Tyler Kazokas
Jul 02, 2017 rated it it was amazing
Wow! What a little gem of a collection. Best read of 2017 BY FAR. Picked this up expecting surrealism A La Cameron Pierce, but I was totally blown away. There are some weaker stories in the group (Sit The Dead and Ganesha come to mind) either because they felt forced or lacking in some elementary or structural substance that I can't quite place my finger on. But, even the stories I would consider lacking are still delivered with a control of language unrivaled today except for Michael Chabon. Th ...more
Sarah
Jun 07, 2012 rated it liked it
I'm a huge fan of Jeffrey Ford's writing, and I've been looking forward to this collection for a while. It was solid, but there was no story that wowed me the way the Empire of Ice Cream or any of a dozen other stories and several novels have in the past. The worlds were richly imagined, but there was a narrative sameness. I enjoyed the notes after each story. Very good, just not my favorite of his.
Christopher
Jul 03, 2012 rated it it was amazing
Jeffrey Ford comes through yet again, with a big heaping table full of beautiful, weird, fantastic stories that range from dark to light, from humorous to dead serious, and everything in between. One moment he reads like a postmodern John Collier, the next he's a Bradbury-infused Kafka. You won't get better fusion stories than these. Eat up.
Teddy G
Jun 14, 2013 rated it liked it
"86 Deathdick Road" is a perfect story.
Darin
Mar 02, 2014 rated it really liked it
The best short stories offer a glimpse of a world through characters believably compelled by the circumstances of the story to behave in the way they do. Things happen, but they tend to happen for a reason and the reactions of the characters go a long way towards determining whether the story is a keeper or filler. Crackpot Palace is full of keepers, light on the filler.

Hopping across genre boundaries like a traveler with a passport marked all access, Jeffrey Ford offers incredibly imaginative t
...more
Chris
Apr 15, 2013 rated it really liked it
Shelves: fantasy
I liked this collection. I find that more and more i'm moving away from novels and towards short story collections.

This collection is part surreal fantasy, part embellished memoir, and part random.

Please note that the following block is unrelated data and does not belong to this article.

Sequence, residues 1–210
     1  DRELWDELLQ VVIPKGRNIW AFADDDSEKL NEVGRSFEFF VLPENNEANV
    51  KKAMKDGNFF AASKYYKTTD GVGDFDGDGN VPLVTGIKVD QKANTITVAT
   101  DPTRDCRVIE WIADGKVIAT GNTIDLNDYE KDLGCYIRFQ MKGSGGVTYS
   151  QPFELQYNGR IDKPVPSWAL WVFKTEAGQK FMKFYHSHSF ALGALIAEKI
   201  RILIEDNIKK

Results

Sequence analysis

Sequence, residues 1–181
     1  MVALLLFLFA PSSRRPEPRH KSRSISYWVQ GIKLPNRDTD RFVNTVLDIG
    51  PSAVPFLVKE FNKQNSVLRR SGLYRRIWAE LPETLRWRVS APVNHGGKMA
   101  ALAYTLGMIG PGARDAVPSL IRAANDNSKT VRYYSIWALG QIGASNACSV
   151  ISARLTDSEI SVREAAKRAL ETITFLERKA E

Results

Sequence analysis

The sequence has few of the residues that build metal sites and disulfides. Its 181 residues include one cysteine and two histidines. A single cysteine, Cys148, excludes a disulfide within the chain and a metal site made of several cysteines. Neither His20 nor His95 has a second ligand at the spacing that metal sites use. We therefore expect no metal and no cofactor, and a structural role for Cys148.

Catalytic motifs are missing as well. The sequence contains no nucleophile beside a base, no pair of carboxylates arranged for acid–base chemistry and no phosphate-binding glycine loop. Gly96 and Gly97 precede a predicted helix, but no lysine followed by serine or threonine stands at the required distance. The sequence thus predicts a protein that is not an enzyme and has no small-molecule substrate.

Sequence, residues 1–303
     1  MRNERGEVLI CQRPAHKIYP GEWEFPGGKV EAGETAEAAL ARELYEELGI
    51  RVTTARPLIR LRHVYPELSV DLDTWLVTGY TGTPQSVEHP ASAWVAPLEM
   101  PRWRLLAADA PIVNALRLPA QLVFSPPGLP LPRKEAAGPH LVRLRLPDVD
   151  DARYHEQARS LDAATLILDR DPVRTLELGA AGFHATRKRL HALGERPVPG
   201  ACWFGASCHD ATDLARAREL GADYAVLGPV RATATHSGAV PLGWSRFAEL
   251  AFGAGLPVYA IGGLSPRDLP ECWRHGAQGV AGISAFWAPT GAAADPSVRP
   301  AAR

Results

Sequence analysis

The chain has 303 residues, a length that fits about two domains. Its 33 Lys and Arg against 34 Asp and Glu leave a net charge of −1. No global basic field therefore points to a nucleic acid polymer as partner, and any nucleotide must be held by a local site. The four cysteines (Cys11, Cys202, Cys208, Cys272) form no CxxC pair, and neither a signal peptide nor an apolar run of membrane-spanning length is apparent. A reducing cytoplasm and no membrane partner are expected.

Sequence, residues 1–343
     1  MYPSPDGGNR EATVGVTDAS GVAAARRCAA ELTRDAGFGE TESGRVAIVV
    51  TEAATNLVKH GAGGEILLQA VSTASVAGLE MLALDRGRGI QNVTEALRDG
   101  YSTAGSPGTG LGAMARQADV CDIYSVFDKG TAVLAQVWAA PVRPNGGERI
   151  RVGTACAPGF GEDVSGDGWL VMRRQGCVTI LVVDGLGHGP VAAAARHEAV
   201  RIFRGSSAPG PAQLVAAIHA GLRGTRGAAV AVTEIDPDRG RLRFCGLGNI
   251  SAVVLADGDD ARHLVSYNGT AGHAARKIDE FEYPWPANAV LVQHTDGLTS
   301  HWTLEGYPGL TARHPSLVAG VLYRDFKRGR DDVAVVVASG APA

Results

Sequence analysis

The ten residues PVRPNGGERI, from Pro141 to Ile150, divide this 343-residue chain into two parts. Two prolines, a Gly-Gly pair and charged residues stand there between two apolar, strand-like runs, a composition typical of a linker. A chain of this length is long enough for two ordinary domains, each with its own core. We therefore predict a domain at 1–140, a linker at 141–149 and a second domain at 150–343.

I can only pick out a couple of stories that i absolutely liked and I think those were the "weirder" ones like: "Relic","Daltharee" and "The Wish Head". Some others fell absolutely flat. However the completed collection I feel seems to be more than the sum of its parts. The stories are subtly connected
...more
Caleb Wilson
Aug 12, 2012 rated it it was amazing
A wonderful collection--Ford's best stories are an amazing combination of wistful, funny, gorgeous and melancholy. He has many styles, including the grouchy alter-ego narration of "86 Deathdick Road" and "Down Atsion Road", but my favorite is his "straight" fantasy, which I put in quotes because it's unlike any other I've read. "The Coral Heart", "Relic", "The Dream of Reason", "Dr. Lash Remembers", "Daddy Longlegs of the Evening"--Ford has hit upon a sweet spot here, the perfect combination of ...more
Bibliophile
Aug 08, 2012 rated it it was amazing
Jeffrey Ford, how I adore you. You have never let me down, you never disappoint. Sometimes I wonder where the hell you're going with a story, but wise from experience I lean back and enjoy the ride, and it always ends up somewhere unexpected and wonderful. You are unpredictable, but not whimsical. I trust you completely. This is more than I can say for most of your collegues, who lure me in with false pretences and then leave me dissatisfied. Not you. You always follow through. You sweep me up a ...more